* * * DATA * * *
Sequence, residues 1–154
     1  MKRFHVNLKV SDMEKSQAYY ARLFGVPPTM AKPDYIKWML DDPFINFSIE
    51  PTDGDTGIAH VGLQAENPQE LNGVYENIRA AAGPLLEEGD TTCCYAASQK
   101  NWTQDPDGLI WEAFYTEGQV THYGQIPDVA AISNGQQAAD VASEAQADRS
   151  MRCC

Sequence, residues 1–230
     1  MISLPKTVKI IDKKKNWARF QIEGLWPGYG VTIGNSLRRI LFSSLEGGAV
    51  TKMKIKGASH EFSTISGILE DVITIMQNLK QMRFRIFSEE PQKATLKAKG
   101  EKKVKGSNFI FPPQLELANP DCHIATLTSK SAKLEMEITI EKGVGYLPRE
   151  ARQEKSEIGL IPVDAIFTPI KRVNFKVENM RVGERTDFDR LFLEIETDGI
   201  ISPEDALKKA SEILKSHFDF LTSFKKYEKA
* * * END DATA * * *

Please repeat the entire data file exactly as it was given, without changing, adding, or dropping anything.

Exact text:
Sequence, residues 1–154
     1  MKRFHVNLKV SDMEKSQAYY ARLFGVPPTM AKPDYIKWML DDPFINFSIE
    51  PTDGDTGIAH VGLQAENPQE LNGVYENIRA AAGPLLEEGD TTCCYAASQK
   101  NWTQDPDGLI WEAFYTEGQV THYGQIPDVA AISNGQQAAD VASEAQADRS
   151  MRCC

Sequence, residues 1–230
     1  MISLPKTVKI IDKKKNWARF QIEGLWPGYG VTIGNSLRRI LFSSLEGGAV
    51  TKMKIKGASH EFSTISGILE DVITIMQNLK QMRFRIFSEE PQKATLKAKG
   101  EKKVKGSNFI FPPQLELANP DCHIATLTSK SAKLEMEITI EKGVGYLPRE
   151  ARQEKSEIGL IPVDAIFTPI KRVNFKVENM RVGERTDFDR LFLEIETDGI
   201  ISPEDALKKA SEILKSHFDF LTSFKKYEKA